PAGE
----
After these exchanges, the deputy speaker adjourned parliament until Friday.
Yesterday, several UNP MPs with the backing of the JVP and the Tamil National Alliance presented a motion to the secretary of the parliament calling for funds to be restricted to the prime minister and his office.
The four days until the next meeting of parliament will be used by the rival factions for horse-trading aimed at establishing a majority. Wickremesinghe will seek to retain and increase his majority, while Rajapakse will attempt to bribe and bully MPs into his camp.
After Rajapakse was appointed as prime minister, Sirisena prorogued parliament to try and give him time to secure a majority. After this failed, Sirisena dissolved parliament but was blocked by an interim decision of the Supreme Court.
Sirisena is on record stating that throughout the sordid jockeying, MPs have been bought and sold for prices of up to 500 million rupees. There are allegations that the president himself has engaged in such activities.
The Sirisena and Rajapakse-led faction on one hand and Wickremesinghe’s supporters have continued to claim that they are seeking to “defend democracy.”
Rajapakse supporters declared at a press conference yesterday that the “only way out to the crisis” was a general election. Rajapakse has been making such calls since his Sri Lanka Podujana Peramuna party won a majority of councils in February’s local government elections.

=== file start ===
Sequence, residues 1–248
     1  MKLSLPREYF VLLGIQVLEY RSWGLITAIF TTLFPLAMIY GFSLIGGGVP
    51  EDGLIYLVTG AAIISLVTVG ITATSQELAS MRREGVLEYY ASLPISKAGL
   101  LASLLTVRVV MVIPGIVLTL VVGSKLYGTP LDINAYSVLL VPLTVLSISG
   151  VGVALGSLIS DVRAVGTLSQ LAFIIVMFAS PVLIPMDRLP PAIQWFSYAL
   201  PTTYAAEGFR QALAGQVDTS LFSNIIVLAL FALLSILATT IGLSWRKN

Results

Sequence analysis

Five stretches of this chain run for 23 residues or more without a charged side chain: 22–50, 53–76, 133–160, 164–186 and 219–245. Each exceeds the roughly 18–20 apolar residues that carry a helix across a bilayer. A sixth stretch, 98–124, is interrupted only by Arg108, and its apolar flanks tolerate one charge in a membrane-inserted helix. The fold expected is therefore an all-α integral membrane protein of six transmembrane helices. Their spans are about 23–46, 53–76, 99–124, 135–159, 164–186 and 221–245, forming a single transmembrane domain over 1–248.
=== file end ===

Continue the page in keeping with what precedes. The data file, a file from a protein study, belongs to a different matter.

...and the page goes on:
In its media briefing, leaders of the Wickremesinghe faction said they were opposed to an election being held while “an illegal government” was in power.
As the Socialist Equality Party (SEP) statement “Fight for a socialist solution to the political crisis in Sri Lanka” explained:
“Neither faction of the ruling class defends the basic democratic rights of working people. Parliament has always been a smokescreen behind which the bourgeoisie ruthlessly advances its class interests at the expense of workers and the poor. Now this facade is being dropped even as the rival parties declare their fealty to ‘democracy.’”
The bitter infighting is about how best to defend the interests of Sri Lanka’s capitalist class amid mounting social and geopolitical tensions.
Sirisena came to power in the 2015 presidential election by exploiting widespread hostility to Rajapakse’s autocratic regime, including its war crimes and gross abuses of democratic rights during its communal war against the separatist Liberation Tigers of Tamil Eelam (LTTE).
Sirisena’s 2015 bid was backed by the US. Washington was not opposed to Rajapakse’s anti-democratic measures, but was hostile to his close ties to Beijing, under conditions of a US confrontation with China throughout the region.